National is inviting Kiwis sick of Labour’s lack of delivery to vote on Labour’s biggest fail at www.laboursbiggestfail.co.nz

It ought to be easy to answer that questions but what makes it hard is there are so many fails from which to choose:

Labour is addicted to spending and you are paying the price

Labour is spending nearly $1 billion more every week.

Inflation is at 7.2%, the highest in three decades, forcing you to pay more for everything .

Prices are rising twice as fast as wages.

Filling up a 60L tank of petrol has increased by $35.

So has your weekly grocery shop (up by $35).

Rents have increased by $140 per week on average – that’s $7280 a year.

Weekly mortgage interest payments are $300 higher or $15,600 more per year (RBNZ & REINZ).

A 20% deposit on an average home is up $60,000 to $160,000.

Even well-off people are complaining about prices, many who ought to be comfortably off are finding balancing their budgets hard and the poor are struggling.

Labour is taxing you more

Labour is now collecting $33 billion more in tax every year. 

Labour has introduced several new taxes….

Aucklanders are paying a 10c per litre Regional Fuel Tax every time they fill up

Farmers and tradies buying utes to do their jobs now pay a Car Tax of up to $5000 – which is subsidising Teslas for wealthy people.

Labour extended the bright-line test to 10 years after explicitly promising not to – it’s a Capital Gains Tax by stealth.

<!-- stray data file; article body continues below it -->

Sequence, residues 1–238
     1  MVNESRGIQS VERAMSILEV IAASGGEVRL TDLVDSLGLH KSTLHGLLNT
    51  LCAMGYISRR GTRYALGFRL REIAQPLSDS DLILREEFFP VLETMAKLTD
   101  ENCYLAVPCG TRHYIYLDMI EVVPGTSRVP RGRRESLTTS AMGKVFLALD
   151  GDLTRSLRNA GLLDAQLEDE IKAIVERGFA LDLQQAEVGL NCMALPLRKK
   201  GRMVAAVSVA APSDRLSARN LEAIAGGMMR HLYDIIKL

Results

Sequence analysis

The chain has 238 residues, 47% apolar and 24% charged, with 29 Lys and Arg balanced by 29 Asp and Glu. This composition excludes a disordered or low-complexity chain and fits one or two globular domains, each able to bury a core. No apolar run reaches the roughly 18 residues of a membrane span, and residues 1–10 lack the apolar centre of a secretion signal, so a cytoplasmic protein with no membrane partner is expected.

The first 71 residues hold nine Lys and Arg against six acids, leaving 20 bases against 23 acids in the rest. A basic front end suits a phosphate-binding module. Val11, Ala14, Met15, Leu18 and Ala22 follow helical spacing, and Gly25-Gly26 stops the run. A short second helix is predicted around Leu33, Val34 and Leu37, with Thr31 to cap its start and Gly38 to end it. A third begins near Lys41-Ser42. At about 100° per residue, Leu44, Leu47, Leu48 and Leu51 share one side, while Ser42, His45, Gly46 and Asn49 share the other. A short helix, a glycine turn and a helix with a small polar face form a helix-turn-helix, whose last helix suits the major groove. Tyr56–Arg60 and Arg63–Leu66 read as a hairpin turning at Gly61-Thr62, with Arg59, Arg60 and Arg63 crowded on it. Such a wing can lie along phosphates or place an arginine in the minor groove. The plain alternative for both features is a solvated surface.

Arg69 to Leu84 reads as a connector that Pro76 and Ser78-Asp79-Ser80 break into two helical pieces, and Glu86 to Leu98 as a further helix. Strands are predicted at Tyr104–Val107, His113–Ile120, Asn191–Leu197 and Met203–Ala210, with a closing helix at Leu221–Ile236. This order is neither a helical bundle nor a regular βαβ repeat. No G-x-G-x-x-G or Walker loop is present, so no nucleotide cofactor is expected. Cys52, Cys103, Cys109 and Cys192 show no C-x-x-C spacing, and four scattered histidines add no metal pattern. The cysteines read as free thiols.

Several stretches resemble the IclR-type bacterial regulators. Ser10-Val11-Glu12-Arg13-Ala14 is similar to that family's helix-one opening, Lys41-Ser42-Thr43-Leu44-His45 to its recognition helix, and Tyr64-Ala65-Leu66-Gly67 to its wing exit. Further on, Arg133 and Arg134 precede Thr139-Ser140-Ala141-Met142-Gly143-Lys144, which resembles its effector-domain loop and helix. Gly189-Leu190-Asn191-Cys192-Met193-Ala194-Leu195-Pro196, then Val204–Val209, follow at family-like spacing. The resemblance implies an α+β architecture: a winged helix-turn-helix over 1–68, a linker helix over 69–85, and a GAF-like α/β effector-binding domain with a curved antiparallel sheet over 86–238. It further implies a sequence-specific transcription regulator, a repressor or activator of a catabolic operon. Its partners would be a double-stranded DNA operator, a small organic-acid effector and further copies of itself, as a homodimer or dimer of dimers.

Labour removed mortgage interest deductibility for landlords (a Tenant Tax) which officials told them would likely increase rents.

And they want to increase taxes even further

Labour is planning a Jobs Tax where everyday Kiwis earning $60,000 will pay $834 more every year

Taking so much more in tax would be bad in itself, it’s worse when so much is being wasted.

Labour is wasting billions of your hard-earned money 

$650 million in corporate welfare to subsidise businesses to cut emissions they would have done anyway.

$586 million to restructure the health system during a global pandemic, including $168 million for a separate Māori Health Authority.

$370 million to merge TVNZ and RNZ.

$100 million on a business case for the Lake Onslow project.

$65.9 million on Auckland Light Rail without a single kilometre having been built.

$51 million on the cancelled Auckland cycle bridge, including $600,000 on an empty waterfront office!

$35 million subsidising people to buy Tesla’s.

 $24 million on Kainga Ora office renovations.

$2.75 million for the Mongrel Mob to run a meth rehab programme.

Shareholders in any private business that wasted a fraction of this amount would be sacking all the directors.